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Dec 272014

What with North Korea’s latest explosion of bile, Sony is having a network security issue that will be used as an example of how bad things can get for probably decades. The phrase “I’m in the middle of a Sony” will be regularly used within the industry for the worst types of incidents.

It is not clear just what happened to Sony during the incident, and it will quite possibly never be clear. There are rumours that it may be something as simple as a phishing attack, and the FBI has claimed it has recovered code with similarities to code used in previous attacks against targets the North Koreans would wish to target.

It seems pretty certain that the North Koreans were involved in the attack against Sony; in addition to the code fragments, the North Koreans have gone out of their way to claim the attack was orchestrated by themselves. Yes they denied the attacks, but in the same way that a little kid denies having stolen the cake with all the evidence on his face.

Normally a corporation under attack from a state actor can be forgiven for getting opened up like a can of peaches, but this is Sony and a bunch of idiots who if they hadn’t lucked out by being in charge of North Korea would have trouble getting a job flipping burgers.

So Sony Pictures needs to have a good long look at it’s security. Two big tips for Sony:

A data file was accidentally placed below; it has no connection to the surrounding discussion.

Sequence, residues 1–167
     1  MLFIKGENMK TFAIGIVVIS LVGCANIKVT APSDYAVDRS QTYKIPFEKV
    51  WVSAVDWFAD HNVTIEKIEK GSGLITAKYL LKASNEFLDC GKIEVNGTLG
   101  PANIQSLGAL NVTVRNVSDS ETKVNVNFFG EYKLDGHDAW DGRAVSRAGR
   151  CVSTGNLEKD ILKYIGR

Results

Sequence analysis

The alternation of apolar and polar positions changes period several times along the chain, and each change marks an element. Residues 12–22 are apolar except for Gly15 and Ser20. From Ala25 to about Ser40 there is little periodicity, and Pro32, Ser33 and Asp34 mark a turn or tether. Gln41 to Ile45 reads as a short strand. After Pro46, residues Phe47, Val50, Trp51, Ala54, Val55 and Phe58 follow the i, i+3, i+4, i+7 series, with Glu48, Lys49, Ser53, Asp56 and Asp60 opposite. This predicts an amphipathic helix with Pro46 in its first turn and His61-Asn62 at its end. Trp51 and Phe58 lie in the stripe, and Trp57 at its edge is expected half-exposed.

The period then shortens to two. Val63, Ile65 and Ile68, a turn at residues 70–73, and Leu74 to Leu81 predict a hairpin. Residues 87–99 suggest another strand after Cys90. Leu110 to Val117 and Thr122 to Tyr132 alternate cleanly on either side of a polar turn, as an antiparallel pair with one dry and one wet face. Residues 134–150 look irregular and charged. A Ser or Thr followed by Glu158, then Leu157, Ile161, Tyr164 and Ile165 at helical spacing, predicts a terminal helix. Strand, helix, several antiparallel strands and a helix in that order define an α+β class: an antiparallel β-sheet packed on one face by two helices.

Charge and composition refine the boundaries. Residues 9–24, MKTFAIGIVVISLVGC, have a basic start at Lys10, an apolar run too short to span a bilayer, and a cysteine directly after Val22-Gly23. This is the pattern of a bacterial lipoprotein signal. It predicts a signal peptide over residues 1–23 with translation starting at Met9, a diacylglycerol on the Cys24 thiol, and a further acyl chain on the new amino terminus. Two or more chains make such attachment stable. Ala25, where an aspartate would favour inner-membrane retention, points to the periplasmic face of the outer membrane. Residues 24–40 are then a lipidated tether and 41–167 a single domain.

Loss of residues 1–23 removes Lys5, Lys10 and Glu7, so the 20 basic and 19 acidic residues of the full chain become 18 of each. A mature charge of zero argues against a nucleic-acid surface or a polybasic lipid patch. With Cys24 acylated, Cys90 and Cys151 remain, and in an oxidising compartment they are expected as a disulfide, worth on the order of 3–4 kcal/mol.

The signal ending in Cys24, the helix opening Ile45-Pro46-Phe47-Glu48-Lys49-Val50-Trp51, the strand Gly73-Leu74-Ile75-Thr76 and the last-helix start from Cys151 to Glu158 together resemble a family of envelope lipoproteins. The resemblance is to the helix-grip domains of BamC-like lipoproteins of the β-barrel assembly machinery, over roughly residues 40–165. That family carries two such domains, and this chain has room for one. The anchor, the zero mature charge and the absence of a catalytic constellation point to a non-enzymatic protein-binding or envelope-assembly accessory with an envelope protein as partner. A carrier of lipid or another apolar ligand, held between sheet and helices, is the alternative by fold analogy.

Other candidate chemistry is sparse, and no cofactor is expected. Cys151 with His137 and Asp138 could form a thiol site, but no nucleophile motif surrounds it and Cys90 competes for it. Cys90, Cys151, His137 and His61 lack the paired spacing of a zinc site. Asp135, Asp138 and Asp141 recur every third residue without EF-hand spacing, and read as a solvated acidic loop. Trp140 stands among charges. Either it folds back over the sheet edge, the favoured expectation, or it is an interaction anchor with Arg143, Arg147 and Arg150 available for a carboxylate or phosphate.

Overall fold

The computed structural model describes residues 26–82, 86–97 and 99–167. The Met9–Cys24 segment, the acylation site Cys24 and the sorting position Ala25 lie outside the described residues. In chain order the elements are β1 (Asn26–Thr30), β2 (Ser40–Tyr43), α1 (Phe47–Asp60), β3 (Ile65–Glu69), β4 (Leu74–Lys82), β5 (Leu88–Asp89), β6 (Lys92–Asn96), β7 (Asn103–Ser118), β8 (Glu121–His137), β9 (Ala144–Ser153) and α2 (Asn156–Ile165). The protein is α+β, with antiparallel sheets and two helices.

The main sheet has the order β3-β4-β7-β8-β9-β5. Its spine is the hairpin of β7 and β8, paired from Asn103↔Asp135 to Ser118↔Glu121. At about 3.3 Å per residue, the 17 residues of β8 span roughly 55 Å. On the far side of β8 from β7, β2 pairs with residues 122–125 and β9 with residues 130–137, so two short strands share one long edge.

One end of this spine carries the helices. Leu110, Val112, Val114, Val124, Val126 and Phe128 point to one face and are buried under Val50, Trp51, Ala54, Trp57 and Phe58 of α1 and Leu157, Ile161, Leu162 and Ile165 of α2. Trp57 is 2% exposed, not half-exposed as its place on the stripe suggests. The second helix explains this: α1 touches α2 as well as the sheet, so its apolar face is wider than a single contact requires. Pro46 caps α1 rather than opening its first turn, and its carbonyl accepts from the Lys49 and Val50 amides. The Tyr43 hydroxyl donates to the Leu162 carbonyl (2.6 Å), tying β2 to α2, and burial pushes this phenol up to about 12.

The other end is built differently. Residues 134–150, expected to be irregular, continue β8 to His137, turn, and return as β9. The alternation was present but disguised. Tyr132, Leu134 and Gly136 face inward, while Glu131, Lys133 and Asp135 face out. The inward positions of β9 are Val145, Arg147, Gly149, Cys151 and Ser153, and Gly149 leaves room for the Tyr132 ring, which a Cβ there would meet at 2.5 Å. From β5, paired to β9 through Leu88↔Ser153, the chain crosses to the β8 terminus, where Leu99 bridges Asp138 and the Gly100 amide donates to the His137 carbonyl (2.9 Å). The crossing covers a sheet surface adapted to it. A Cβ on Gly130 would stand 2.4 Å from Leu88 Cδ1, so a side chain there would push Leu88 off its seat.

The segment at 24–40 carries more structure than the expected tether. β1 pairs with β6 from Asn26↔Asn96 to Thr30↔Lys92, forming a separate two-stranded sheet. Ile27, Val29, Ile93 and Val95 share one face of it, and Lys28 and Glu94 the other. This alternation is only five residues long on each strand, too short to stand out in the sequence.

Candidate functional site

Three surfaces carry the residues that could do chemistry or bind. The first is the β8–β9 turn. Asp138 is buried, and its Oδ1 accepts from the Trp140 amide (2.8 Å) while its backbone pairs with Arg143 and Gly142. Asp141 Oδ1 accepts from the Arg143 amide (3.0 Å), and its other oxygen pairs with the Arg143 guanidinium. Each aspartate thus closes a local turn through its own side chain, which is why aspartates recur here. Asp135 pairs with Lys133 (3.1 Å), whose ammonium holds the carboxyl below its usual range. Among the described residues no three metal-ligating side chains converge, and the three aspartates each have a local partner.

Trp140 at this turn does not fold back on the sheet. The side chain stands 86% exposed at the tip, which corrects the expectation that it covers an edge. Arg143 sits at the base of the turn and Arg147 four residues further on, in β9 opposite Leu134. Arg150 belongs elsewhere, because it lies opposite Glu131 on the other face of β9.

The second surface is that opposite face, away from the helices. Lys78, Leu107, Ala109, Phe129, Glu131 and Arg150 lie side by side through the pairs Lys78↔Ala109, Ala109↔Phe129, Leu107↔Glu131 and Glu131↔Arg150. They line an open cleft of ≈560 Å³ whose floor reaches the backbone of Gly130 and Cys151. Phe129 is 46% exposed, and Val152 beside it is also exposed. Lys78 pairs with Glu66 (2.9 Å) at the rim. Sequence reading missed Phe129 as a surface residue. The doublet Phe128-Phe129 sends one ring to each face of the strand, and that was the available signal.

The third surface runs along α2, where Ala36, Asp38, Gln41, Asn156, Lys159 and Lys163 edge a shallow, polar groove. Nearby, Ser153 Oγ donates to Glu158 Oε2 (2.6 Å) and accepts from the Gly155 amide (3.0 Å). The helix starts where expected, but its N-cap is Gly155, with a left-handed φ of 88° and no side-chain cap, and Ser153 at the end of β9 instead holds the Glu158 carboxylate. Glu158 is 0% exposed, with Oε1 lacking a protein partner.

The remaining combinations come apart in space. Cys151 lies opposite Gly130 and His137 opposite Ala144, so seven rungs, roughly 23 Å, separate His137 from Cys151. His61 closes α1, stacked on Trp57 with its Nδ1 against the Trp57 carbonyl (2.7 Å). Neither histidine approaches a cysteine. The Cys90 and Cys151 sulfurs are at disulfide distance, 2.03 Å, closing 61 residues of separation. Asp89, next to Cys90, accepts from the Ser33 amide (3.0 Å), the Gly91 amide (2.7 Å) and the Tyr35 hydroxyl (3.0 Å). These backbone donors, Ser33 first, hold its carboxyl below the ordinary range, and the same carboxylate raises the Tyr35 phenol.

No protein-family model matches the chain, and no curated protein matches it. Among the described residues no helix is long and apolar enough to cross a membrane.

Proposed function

First of all, change the name of the security team to the insecurity team. That is not a criticism of the team that does security at Sony right now, but because there is an assumption that the security team handles security and the rest of us doesn’t have to bother.

In reality, security is everyone’s responsibility.

Secondly take a second look at every recommendation that your security team has ever made and you have said No to. And reconsider.

Dec 152008

I have recently (in the last few days) picked up a Sony eBook reader, but I have also been reading ebooks for quite a while on various mobile phones. As an avid book reader, I have the classic problem of where to keep all my books. Books take up space, and sooner or later you realise that they take up an inconveniently large amount of space.

Sometimes I think that eBooks are the solution and sometimes I think they’re not quite there yet. The Sony reader has a few rough edges; in particular the irritating screen refresh (I don’t mind it being slow, but the flicker as it redraws is irritating) and the page turn buttons being slightly awkward.

But the price of ebooks themselves is somewhat ridiculous. In particular with a DRM-protected format, which means no guarantee that you will be able to read them on future devices … I have books several times older than myself, and I somehow doubt that “LRX” format books will be readable in a hundred years. For those who aren’t aware it seems that the prices for LRX books is between about £6 and £15 (and probably more).